Taking a rich, multidimensional look at love and the theatre, the Arlekin Players proudly presents Mikhail Bulgakov’s Dead Man’s Diary: A Theatrical Novel for two weekends from Saturday, March 17 through Sunday, April 1 at Paramount Center in Boston, Massachusetts. Shocking and comical, Dead Man’s Diary: A Theatrical Novel is written in Russian and performed by Russian actors with English audio translation, but was created in Needham, Massachusetts. Click here for more information and for tickets.
Dead Man’s Diary’s director and head of Igor Golyak Acting Studio, Igor Golyak, discusses this shocking and comical show’s fascinating background, developing the show’s unique style, and what it means to be successful.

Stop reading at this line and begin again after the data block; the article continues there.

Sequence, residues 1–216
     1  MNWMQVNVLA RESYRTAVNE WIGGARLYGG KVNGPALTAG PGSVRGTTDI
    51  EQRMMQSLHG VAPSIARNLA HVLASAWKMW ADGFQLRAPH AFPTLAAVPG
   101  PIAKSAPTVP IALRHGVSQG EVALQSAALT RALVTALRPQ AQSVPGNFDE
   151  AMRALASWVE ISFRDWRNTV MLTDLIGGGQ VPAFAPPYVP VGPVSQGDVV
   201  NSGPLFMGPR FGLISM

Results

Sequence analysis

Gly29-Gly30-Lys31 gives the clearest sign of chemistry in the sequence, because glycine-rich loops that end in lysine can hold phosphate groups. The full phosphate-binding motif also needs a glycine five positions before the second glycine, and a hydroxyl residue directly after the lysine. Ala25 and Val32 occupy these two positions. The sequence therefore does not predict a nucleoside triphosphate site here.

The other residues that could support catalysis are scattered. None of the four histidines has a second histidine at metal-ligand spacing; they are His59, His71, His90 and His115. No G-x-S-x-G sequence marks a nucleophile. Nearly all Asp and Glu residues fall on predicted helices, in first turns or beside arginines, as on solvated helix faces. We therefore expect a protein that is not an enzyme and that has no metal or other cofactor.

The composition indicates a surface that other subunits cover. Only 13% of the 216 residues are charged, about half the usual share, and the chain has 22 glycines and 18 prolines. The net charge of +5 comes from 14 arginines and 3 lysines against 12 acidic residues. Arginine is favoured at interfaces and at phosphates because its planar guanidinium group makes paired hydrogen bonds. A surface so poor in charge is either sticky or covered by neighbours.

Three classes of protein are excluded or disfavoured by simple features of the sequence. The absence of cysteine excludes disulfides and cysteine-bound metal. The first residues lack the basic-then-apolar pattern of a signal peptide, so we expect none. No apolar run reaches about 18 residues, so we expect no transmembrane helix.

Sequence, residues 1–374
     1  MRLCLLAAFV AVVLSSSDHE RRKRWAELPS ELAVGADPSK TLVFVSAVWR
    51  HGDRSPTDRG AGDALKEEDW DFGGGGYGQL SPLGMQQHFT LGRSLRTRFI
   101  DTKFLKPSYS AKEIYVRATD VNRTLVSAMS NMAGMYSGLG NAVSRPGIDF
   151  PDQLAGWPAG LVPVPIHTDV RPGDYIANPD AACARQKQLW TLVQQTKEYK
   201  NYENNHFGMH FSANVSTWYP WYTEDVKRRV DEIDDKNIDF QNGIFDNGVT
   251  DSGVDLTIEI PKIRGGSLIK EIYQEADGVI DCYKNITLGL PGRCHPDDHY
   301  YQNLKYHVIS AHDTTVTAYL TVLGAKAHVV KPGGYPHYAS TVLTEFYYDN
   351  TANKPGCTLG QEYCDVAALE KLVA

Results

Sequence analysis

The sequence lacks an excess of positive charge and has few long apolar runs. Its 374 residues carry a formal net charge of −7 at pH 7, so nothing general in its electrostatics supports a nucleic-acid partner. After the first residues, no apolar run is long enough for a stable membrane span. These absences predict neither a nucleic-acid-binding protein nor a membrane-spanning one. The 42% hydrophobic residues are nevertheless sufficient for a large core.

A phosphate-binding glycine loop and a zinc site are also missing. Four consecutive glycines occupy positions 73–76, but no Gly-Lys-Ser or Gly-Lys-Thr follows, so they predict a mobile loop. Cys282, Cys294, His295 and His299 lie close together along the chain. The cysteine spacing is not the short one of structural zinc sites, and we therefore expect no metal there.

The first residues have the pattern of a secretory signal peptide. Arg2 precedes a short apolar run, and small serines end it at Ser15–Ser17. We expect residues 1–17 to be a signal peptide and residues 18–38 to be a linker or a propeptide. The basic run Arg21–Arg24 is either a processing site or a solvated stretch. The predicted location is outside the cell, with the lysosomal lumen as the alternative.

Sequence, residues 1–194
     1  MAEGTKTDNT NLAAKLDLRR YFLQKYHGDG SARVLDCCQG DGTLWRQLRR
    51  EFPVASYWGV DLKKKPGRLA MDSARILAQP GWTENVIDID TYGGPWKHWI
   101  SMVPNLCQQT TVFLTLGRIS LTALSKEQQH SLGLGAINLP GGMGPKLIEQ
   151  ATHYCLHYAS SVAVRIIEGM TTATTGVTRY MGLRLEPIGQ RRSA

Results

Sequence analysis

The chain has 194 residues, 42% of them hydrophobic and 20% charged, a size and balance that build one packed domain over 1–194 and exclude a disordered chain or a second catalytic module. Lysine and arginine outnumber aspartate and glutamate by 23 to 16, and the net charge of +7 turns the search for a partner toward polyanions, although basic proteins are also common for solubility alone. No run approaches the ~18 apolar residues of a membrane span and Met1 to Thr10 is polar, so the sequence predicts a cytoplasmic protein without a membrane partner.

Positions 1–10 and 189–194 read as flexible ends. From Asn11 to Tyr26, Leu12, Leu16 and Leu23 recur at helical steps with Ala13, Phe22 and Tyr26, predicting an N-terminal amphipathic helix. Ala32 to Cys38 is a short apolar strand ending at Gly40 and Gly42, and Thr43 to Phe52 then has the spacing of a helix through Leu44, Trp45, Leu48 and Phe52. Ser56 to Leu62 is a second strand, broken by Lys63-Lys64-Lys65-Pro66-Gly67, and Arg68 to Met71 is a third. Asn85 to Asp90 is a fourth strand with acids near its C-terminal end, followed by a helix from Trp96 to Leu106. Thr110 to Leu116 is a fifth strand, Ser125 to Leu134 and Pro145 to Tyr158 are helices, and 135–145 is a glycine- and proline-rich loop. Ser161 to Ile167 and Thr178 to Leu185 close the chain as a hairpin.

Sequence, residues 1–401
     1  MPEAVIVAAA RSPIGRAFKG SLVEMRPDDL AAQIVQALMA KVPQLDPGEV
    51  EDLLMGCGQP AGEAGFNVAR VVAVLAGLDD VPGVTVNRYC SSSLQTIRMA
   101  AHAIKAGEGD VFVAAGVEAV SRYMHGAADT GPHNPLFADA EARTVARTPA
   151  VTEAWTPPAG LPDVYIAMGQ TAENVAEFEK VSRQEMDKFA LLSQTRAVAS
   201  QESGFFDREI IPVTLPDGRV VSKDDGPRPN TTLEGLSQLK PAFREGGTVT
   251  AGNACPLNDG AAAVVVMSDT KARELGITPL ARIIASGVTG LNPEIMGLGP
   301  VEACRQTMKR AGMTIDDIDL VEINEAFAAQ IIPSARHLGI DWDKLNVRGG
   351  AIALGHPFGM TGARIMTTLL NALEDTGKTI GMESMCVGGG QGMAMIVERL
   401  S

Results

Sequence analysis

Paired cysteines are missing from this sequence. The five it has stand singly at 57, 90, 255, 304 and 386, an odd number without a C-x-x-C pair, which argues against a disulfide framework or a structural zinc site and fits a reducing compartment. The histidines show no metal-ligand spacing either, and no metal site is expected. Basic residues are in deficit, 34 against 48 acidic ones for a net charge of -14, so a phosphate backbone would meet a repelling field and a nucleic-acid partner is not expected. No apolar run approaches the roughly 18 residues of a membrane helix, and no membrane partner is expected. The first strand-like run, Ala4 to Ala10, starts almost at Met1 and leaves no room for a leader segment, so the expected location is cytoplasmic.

Sleepless Critic: What is it about this show that made you decide to take on this piece?
Igor Golyak: I fell in love with the novel, a prose piece by Mikhail Bulgakov, which was not published until after his death as it was considered offensive to Stanislavsky and the Moscow Art Theatre. I wanted to adapt this unfinished novel for the stage because I saw it not only as satire on theatre, but as a vow of love to the theatre. Through this production, we wanted to express the conflicts and illusions around realizing oneself in the theatre through Bulgakov life’s work.
SC: Arlekin Players is behind this production and they studied under the Igor Golyak Acting Studio. Please tell me about your studio and teaching philosophy. How can people join the Arlekin Players?